Guess what! We are interviewing one of the ASF Short Story Contest winners! Today we have the privilege of getting to know …
I’m so pleased for this opportunity too! Make sure to connect with Audrey at her website and even on Goodreads.
To keep you entertained and make sure our interview is fresh, we made sure to steer the conversation to the unusual and helpful. Hope you enjoy!
R: Oh Audrey! You’ve waited so patiently for this day, and I’m beyond grateful! Thanks for taking the time to come for this interview. We’re really looking forward to getting to know you better.
FYI y’all, Audrey’s story, “Blue Rose” won 3rd place in the contest!
Let’s dive right in with an awkward-but-fun question! Which word or phrase do you most overuse? If you could mix it up a little, what would you say in its place?
AD: I’m editing my latest novel right now, and as with my previous ones, I’m deleting a lot of commas. I admit to using commas by feel rather than by rule, so I tend to overuse them. MS Word’s blue squiggle alerts me to many of the redundant ones, although there are times when I disagree with the squiggle and leave the comma in place. I also overuse minimizing qualifiers like “sort of,” “somewhat,” and “slightly.” Some declarative statements feel too declarative, so I insert waffle words as padding. Now that I’m aware of these habits, I can look out for them, even at the first draft stage. It’s the ones I’m blissfully unaware of that are the problem.
R: Ha! Oh so true. It’s amazing what flies under the radar. I know as a writer I can certainly identify. I have a dislike of commas and often wish to make them disappear except in the rarest of situations. Maybe it’s not the commas that are the problem, though. Maybe it’s the rules that dictate when and where to use them that I dislike so passionately…. On the opposite side of the spectrum, I’d love it if you shared a favorite line or two from your most recent published novel. Tell us a little about it.
AD: My last published novel is Hunting the Phoenix (2012). It’s the fourth and final book of the Herbert West series. Each book has a different narrator, and for this one it’s Alma Halsey. She’s a disaffected journalist who hopes to restart her career with a big story she discovers by reading a letter intended for her ex-lover, Charles Milburn (the narrator of the first book in the series). She goes to Providence, R.I. to track down Herbert West, a man who (Alma thinks) faked his death to escape the consequences of his crimes. At the same time, she’s hoping to reconnect with Charles. The boardinghouse she’s living in catches fire during a February blizzard.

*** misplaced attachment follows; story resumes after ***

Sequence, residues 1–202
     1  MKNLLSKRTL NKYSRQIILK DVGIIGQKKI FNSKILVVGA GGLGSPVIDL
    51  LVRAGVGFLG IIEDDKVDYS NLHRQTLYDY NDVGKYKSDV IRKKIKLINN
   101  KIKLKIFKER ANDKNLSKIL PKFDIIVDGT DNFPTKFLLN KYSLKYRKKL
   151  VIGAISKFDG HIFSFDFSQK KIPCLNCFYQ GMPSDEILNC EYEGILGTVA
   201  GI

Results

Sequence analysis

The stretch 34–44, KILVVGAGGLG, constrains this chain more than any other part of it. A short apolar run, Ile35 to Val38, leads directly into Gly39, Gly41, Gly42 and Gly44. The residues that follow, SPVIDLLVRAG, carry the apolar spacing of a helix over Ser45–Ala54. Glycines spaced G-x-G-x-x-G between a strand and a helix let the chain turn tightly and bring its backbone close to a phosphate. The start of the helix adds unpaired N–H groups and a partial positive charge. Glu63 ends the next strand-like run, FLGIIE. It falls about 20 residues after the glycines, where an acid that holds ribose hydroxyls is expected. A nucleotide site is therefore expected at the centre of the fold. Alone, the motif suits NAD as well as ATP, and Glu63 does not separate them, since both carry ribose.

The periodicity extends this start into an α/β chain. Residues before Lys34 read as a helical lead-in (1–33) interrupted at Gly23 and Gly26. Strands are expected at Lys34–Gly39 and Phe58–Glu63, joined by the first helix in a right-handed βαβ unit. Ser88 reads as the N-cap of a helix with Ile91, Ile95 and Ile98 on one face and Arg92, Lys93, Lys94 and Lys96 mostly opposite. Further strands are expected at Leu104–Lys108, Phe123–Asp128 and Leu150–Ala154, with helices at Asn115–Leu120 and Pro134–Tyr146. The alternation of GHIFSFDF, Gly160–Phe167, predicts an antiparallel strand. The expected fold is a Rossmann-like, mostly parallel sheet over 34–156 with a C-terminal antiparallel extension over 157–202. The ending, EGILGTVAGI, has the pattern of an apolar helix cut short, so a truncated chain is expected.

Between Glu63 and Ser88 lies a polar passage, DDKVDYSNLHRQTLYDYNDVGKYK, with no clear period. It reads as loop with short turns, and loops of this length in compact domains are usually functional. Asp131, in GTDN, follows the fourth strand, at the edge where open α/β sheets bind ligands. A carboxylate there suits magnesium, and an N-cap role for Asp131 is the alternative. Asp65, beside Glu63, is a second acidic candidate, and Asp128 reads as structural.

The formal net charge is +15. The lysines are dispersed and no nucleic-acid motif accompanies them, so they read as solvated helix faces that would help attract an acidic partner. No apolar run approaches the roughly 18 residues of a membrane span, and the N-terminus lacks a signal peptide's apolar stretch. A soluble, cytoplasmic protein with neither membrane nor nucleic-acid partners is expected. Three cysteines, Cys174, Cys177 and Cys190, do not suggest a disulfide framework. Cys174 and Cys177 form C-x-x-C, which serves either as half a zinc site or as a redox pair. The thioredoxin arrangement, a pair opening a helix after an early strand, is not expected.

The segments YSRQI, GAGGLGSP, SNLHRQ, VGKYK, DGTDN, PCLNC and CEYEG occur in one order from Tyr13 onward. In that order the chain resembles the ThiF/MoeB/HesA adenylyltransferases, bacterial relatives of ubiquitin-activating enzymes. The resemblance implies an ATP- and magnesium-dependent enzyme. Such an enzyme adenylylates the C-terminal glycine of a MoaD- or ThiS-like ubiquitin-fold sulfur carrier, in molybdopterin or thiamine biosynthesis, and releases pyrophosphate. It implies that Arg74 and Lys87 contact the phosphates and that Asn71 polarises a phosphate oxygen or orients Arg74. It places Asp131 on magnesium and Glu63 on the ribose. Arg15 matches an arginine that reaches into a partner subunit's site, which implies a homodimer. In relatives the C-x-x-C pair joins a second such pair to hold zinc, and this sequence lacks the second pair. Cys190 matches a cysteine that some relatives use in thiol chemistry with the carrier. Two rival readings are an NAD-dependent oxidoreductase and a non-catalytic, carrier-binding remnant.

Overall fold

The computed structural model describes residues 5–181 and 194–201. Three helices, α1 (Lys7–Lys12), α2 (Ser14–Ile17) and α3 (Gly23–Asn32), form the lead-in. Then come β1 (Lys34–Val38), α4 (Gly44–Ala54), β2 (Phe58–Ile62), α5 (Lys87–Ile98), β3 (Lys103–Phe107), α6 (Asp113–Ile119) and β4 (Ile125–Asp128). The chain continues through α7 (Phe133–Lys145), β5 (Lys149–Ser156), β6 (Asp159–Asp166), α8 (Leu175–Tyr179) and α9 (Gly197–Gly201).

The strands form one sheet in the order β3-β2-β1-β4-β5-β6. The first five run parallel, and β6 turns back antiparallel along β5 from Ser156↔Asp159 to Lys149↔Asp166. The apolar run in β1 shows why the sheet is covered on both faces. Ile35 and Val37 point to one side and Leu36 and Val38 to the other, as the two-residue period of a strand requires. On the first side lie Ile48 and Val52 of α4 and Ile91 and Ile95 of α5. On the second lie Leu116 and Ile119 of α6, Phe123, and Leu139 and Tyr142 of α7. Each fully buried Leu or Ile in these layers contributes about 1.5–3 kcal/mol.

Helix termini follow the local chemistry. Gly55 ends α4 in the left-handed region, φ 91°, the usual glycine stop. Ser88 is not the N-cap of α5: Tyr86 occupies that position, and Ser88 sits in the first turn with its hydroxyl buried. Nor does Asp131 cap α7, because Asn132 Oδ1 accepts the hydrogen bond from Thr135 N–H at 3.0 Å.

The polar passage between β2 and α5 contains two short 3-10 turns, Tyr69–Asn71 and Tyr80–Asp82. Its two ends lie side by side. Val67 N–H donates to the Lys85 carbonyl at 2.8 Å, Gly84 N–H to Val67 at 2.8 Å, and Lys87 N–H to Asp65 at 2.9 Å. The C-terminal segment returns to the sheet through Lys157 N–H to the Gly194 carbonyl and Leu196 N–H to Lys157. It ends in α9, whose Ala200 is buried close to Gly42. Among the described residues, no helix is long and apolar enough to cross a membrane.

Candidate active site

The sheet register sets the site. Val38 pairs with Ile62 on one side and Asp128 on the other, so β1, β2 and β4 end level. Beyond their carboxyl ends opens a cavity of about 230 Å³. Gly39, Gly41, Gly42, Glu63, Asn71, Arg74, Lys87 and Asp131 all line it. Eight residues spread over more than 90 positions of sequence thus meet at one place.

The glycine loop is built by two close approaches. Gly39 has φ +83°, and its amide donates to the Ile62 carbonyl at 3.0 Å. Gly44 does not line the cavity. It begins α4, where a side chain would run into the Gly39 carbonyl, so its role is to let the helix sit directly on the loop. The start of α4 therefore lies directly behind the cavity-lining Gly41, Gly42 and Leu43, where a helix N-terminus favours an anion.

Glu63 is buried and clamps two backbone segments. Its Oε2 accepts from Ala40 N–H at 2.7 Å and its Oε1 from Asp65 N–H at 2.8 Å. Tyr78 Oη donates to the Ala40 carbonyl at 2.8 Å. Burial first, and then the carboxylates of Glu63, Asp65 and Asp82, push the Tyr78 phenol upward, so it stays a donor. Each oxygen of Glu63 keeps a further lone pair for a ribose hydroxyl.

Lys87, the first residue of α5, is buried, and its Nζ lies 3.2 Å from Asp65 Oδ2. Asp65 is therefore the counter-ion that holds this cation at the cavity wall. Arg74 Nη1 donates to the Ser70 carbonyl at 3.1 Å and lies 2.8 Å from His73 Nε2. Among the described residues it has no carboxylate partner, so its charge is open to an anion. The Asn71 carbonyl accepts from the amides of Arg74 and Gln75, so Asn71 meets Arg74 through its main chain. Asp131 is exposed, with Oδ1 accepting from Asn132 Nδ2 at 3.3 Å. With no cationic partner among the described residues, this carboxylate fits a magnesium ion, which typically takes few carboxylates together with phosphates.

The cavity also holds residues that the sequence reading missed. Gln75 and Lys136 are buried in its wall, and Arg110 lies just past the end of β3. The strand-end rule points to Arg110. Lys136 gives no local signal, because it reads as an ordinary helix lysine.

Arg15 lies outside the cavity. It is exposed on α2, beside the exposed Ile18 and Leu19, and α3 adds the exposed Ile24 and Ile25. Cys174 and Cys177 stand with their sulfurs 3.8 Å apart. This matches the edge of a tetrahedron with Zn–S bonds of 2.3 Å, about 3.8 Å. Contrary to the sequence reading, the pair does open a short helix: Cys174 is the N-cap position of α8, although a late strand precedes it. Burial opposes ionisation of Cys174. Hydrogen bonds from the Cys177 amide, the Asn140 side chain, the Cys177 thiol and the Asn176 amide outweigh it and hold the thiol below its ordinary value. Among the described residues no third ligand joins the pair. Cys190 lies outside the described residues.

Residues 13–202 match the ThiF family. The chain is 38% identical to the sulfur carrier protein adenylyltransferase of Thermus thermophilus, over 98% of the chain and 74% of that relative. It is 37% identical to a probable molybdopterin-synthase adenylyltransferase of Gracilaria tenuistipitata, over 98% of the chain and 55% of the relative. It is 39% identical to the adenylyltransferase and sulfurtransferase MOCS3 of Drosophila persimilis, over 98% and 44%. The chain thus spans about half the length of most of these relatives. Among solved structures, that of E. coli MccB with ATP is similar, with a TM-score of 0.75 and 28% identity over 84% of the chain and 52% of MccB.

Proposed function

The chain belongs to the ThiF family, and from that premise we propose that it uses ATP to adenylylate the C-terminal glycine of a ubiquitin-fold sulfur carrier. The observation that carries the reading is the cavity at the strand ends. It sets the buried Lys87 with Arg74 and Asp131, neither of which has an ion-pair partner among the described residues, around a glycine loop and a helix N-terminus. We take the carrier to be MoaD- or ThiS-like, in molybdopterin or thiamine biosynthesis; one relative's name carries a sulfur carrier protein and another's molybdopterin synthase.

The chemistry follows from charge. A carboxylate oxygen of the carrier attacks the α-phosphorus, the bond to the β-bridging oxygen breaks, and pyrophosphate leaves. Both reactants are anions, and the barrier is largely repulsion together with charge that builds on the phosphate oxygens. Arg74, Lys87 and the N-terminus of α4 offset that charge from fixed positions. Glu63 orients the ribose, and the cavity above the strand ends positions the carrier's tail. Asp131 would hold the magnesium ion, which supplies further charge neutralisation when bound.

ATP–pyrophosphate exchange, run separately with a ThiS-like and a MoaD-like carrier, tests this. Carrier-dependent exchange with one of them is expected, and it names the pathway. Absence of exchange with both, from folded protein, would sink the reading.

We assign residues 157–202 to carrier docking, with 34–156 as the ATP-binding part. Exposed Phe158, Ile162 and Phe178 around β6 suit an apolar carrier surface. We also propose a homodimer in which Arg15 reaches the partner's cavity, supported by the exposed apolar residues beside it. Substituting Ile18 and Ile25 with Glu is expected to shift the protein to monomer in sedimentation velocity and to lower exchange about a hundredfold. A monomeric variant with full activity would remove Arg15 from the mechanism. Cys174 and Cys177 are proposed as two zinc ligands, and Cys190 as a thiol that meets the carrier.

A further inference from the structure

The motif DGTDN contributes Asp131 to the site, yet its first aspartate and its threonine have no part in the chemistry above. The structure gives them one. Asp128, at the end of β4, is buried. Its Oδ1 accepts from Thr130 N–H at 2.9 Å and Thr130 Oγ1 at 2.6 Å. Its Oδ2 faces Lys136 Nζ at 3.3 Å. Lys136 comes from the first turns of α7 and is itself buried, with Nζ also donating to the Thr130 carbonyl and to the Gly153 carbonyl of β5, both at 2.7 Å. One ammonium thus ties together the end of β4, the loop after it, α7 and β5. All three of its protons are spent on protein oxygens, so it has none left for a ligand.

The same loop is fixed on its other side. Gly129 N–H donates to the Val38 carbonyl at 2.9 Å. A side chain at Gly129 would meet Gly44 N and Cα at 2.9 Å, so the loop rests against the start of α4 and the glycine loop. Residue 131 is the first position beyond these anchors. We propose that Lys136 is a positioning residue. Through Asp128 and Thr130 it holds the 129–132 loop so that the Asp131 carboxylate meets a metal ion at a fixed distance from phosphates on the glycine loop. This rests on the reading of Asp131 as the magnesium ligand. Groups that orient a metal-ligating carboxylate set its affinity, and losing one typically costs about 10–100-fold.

Here’s a bit from that scene:
“I scrambled out of bed and ran to the door. The doorknob was warm and the floor was warm too, pleasantly warm to my feet. And smoke was thick around me.
Panicked, I pulled open the door. As though they had been waiting for my summons, flames leaped and rushed into my room from the inferno of the stairwell. Closing the door was impossible. I jumped back, but not quickly enough, heard an intense crackling and smelled my hair burning. Heat enveloped me. I beat at the flames with my hands and arms. Fire seared my skin, pain shrieked through my body. The window! The window!
Rushing over to it, I fumbled with the catch. It was stuck. No use. Break the glass! Grabbing a shoe from the floor, I pounded the glass with the heel. A star of cracks appeared, but it held. Frantic, I pounded harder. The glass shattered and my hand came down on a jagged shard. Hot blood steamed in the icy air that blasted in, whirling snowflakes over my desk. The shoe fell from my hand, teetered for a second on the outside ledge, was gone. I grabbed a towel from the back of a chair, wrapped my bleeding hand in it and thumped out the remaining shards from the frame.”
AD: Reading this over, I kept itching to make tweaks and changes and delete unnecessary words. That’s the thing about reading stuff you wrote a while ago – editing mode kicks right in. It’s amazing that anything gets published, because when you get down to it, nothing is ever perfect.
R: I enjoyed reading that bit, but you are so right about things getting published. Haha I have a hard time with my first novel–with giving it to people–for that very reason. I love the story, but I can’t turn off the more experienced revisionist in my head! Now, as you write with more awareness and maturity, what is the most often recurring theme you recognize?
AD: Deception and revelation. My characters cherish illusions until I destroy them. How they deal with the resulting disillusion makes the story. Another theme is what remains unknown beyond the reach of science, adding a supernatural element to most of my writing. Which leads to alchemy, an underlying theme of my four-book series, where it appears both as part of the plot and metaphorically.
R: Oh, I like that very much. Deception and revelation remind me of what I’ve been studying in more depth of late, and that is the lie the character believes, aka the misbelief, and character wounds. That’s very much at the essence of good fiction, and it sounds as if you do it quite naturally. What would you say is the genre of the series? I’m ever so interested in alchemy in books. I think the most recent book I read that mentions it specifically is Dragon Rider by Cornelia Funke. How important is alchemy to your series’ plot?
AD: No one in the Herbert West Series actually does any physical alchemy. Only Charles Milburn, the narrator of the first book, The Friendship of Mortals, knows much about it. But alchemy is all about transformation of the base to the excellent by means of ordeals and processes. That’s what the series is about. Herbert West, an amoral scientist and renegade physician, is transformed into Francis Dexter, a country doctor, healer and psychopomp (one who guides souls to the afterlife). The final book, Hunting the Phoenix, references alchemical processes in its part titles: Part 1 is “Mortification and Dissolution”; Part 2, “Calcination”; Part 3, “Conjunction”; Part 4 is titled “The Red King and the White Queen”, and Part 5 is “Quintessence”. They do represent plot elements but in a symbolic way.
As for the genre of the Herbert West Series, I call it “literary supernatural/psychological,” meaning it doesn’t fit comfortably into any standard genre. Another detail overlooked in the fever of creation (ha, ha).
R: So cool, Audrey! The series sounds right up my alley. I must get my hands on them! I love how well thought out you have been, even with titles. The theme that carries the series has this great underlying strength to carve out your plot much like the landscape-shaping ice of Antarctica…a place I’m curious about lately. If you were given an opportunity to go to Antarctica, would you take it? Why (not)?